Tag Archives: desert bighorn sheep

The Epic American Drought And Wildlife

For IMMEDIATE RELEASE

Media Inquiries: Text 409-920-2062 or email chester@chestermoore.com.

What’s happening across the Western United States is frightening.

As a wildlife conservationist, seeing the words “significant drought” over 1/3 of the Mountain West is beyond concerning. “Significant” is the designation above extreme.

It’s like the Spinal Tap amplifier that goes to 11 instead of 10.

Most of the rest of that region is in extreme drought with everything else in some level of drought conditions even after a monsoon season that provided rain to some areas in southern New Mexico and Arizona.

The Nevada Department of Wildlife has been dropping water to guzzlers in the desert to ensure desert bighorn sheep have water. We covered that here.

Without it, many of these sheep and other wildlife would die.

(Photo Courtesy Nevada Department of Wildlife)

Now wildlife officials in Utah are looking to drop water in guzzlers at Antelope Island State Park in Utah’s Great Salt Lake as fresh water sources in the higher elevations preferred by the sheep are drying up.

Arizona, one of the nation’s driest states, has been hauling water during droughts for years will haul more than three million gallons in 2021. There saguaro cactus is beginning to die-off which will have a ripple effect on wildlife.

This drought is reflected in big way in wildfires.

According to the National Interagency Fire Center, 4,384,403 acres have burned so far in 2021. That’s compared to 2,919,926 acres in 2020 and we still have a couple of months of fire season.

A wildfire in New Mexico. (Photo US Forest Service)

We’re even starting to see some health issues with wildlife. An example is in Washington where 38 deer in Washington have tested positive for deadly blue-tongue. That state has been one of the hardest hit, especially in the area of temperature.

Some will argue, these are natural cycles and wildlife will just have to deal with it.

That’s a lame way of looking at things.

The wildscapes of our nation are anything but natural. We have dammed rivers, cut off travel corridors, restricted natural fire which makes healthier forest and breeds these super fires that are blazing right now and developed many of the best riparian areas.

That means we have a responsibility to aid wildlife when things we can’t control like temperature make a negative impact.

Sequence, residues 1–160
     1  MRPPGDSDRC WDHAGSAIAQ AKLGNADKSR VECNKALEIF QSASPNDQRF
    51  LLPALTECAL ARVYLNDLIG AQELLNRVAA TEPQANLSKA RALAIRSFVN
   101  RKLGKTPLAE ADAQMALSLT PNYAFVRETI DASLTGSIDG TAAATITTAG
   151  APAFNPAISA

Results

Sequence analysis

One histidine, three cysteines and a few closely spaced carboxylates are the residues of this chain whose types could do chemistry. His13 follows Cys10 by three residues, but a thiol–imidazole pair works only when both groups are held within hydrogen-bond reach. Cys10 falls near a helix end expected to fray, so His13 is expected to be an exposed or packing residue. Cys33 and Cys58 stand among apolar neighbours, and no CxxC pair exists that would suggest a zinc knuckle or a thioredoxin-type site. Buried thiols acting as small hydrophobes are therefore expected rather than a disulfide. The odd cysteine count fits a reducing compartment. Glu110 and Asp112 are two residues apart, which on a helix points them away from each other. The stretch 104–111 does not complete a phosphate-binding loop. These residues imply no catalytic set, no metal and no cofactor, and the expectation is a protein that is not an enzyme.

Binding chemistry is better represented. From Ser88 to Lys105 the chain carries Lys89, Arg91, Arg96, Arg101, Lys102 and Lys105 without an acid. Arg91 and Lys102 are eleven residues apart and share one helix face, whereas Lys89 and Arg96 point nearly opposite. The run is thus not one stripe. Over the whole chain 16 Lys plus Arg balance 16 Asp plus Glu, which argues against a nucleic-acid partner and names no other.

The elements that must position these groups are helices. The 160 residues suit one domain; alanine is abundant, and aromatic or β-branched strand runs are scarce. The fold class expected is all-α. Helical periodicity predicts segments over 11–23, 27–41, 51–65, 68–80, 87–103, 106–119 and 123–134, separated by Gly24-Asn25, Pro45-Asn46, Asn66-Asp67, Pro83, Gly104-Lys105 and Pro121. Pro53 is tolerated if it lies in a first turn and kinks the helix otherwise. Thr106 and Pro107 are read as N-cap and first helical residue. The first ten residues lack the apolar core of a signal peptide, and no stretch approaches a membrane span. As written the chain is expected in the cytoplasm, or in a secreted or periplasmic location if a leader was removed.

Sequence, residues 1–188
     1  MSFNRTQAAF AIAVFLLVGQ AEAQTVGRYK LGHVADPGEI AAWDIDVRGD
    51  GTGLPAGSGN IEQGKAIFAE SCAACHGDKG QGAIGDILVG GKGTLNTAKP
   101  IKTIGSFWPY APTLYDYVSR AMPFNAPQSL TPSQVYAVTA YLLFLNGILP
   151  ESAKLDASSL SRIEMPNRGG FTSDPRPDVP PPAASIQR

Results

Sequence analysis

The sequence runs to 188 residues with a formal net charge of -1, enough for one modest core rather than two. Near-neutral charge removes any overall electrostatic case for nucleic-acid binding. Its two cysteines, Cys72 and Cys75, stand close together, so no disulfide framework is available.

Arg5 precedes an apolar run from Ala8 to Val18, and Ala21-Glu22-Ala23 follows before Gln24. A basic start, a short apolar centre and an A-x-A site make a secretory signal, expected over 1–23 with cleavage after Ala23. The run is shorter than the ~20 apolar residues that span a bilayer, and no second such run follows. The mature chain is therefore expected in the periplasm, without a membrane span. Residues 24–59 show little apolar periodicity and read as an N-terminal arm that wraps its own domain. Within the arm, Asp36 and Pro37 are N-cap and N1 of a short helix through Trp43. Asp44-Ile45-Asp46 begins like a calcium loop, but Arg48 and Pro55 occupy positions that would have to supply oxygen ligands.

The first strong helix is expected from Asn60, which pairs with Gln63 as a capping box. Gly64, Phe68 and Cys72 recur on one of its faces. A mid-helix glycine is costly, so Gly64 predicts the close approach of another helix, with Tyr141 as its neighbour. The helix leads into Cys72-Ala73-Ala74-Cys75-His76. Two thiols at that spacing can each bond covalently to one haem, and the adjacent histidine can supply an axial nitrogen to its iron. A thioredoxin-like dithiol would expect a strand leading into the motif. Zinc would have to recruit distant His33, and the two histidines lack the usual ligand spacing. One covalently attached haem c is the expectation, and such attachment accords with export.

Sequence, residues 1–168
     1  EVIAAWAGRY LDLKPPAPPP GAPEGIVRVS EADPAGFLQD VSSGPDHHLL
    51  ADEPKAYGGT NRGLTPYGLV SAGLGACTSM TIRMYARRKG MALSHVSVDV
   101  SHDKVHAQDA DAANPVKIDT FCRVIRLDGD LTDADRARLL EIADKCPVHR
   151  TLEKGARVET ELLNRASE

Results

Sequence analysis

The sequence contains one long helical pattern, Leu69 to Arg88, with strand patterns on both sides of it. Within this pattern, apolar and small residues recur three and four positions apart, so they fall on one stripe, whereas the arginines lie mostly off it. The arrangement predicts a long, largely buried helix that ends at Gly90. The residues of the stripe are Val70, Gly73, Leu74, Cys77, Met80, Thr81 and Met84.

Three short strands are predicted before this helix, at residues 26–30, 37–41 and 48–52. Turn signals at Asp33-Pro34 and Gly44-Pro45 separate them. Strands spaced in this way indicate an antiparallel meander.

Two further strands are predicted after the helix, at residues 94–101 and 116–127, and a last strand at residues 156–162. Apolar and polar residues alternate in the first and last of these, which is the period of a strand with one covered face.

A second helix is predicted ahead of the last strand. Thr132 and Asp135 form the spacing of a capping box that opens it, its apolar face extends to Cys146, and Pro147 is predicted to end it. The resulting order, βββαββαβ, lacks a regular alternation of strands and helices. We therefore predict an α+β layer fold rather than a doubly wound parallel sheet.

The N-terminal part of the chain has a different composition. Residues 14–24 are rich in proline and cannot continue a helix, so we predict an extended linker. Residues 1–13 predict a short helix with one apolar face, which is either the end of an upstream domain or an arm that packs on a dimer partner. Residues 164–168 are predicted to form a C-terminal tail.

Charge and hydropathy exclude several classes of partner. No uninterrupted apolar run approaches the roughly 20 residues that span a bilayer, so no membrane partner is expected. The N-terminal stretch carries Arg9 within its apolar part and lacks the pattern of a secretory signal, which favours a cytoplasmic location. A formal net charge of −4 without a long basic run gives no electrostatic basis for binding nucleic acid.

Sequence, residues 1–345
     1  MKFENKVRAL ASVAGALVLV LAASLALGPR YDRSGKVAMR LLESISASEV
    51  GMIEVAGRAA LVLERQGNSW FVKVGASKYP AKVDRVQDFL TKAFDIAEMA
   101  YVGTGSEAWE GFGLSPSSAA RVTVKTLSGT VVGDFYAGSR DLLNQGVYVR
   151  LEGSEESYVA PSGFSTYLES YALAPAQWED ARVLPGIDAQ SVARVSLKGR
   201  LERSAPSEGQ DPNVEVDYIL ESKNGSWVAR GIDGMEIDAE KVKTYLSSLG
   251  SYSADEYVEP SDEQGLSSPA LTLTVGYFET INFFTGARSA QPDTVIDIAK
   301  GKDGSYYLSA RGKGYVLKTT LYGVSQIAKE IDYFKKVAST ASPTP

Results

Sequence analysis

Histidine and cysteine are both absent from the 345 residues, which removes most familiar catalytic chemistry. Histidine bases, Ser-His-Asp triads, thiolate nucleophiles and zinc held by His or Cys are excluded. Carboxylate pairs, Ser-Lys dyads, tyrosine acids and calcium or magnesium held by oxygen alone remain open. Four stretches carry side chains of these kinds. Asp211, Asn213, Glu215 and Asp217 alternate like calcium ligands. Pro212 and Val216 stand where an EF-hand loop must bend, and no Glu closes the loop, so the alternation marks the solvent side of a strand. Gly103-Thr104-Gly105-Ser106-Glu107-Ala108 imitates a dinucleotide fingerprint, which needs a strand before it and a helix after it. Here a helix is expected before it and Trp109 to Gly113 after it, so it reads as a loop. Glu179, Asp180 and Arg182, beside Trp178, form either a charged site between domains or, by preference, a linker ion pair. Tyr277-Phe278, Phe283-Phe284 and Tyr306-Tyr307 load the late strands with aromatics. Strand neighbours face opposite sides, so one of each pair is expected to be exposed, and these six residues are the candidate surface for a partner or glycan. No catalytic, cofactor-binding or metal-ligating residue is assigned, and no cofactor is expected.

At the Wild Sheep Foundation’s (WSF) 13th Chapter and Affiliate (C&A) Summit in Lewistown, Idaho (June 25 & 26), a hat was passed to raise money to bring water to drought-stressed desert bighorn sheep herds in southern Nevada. 

A mature desert bighorn ram visiting a guzzler in southern Nevada. (Photo Courtesy Nevada Department of Wildlife)

By the end of the C&A Summit according to WSF’s Keith Balfourd, eighty-two thousand dollars was raised.

This figure is now up to an incredible $182,000 from generous WSF chapters, affiliates, and individual WSF members.

That is difference-making money in the drought stricken Nevada desert and shows the kind of efforts we will have to make if this drought persists.

Forecasts shows this drought continuing until at least late fall.

We will continue our coverage and let you know where you can help in this situation.

In the meantime, let’s pray for rain and creative strategies to help wildlife in a trying time.

Chester Moore

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The Wildlife Of Elephant Mountain

Last week I had the incredible privilege of visiting Elephant Mountain Wildlife Management Area (WMA) south of Alpine, TX.

Benny Benavidez with the Texas Parks & Wildlife Department (TPWD) escorted me to the top of Elephant Mountain on a quest to photograph desert bighorn sheep along with mule deer and other wildlife for a series of articles.

There will be a major magazine feature coming soon specifically about the bighorns of Elephant Mountain WMA. I will provide details here upon publication. You can check out my story “Desert Homecoming” about the Texas desert bighorn restoration program in the Nov./Dec. edition of Sports Afield.

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Until then enjoy the above video and a few of the photos I took on this inspirational trip.

This place embodies wildlife conservation and is the epicenter of Texas’ desert bighorn sheep restoration.

big mule deer doe
A desert mule deer doe showed no fear as we drove up the mountain. Be on the lookout for a special report on Texas mule deer coming soon here at Higher Calling. (Photo by Chester Moore, Jr.)

young mule deer buck
We saw numerous young mule deer bucks on and around the mountain. (Photo by Chester Moore, Jr.)

javelina
This javelina (collared peccary) was super shy but I managed to at least get this photo. These animals are one of the most unique animals in Texas and common in the Trans Pecos. (Photo by Chester Moore, Jr.)

rams on elephant mountain
This was what the trip was all about. I managed to get numerous photos of this herd of bighorns. This herd of one big ram, a bunch of ewes and a few lambs is about half of what the entire Texas population was in 1976. Texas now has around 1,500 bighorns which is a great tribute to the hard work of the Texas Parks & Wildlife Department and groups like the Texas Bighorn Society and The Wild Sheep Foundation. (Photo by Chester Moore, Jr.)

Again, I will have a major magazine feature on Elephant Mountain in the coming months and will post details here. I will also have more from this trip before year’s end.

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Chester Moore

You can subscribe to this blog by entering your email address at the subscribe prompt at the top right of this page. You can contact Chester Moore by emailing chester@chestermoore.com. Subscribe to the podcast by visiting thehighercalling.podbean.com.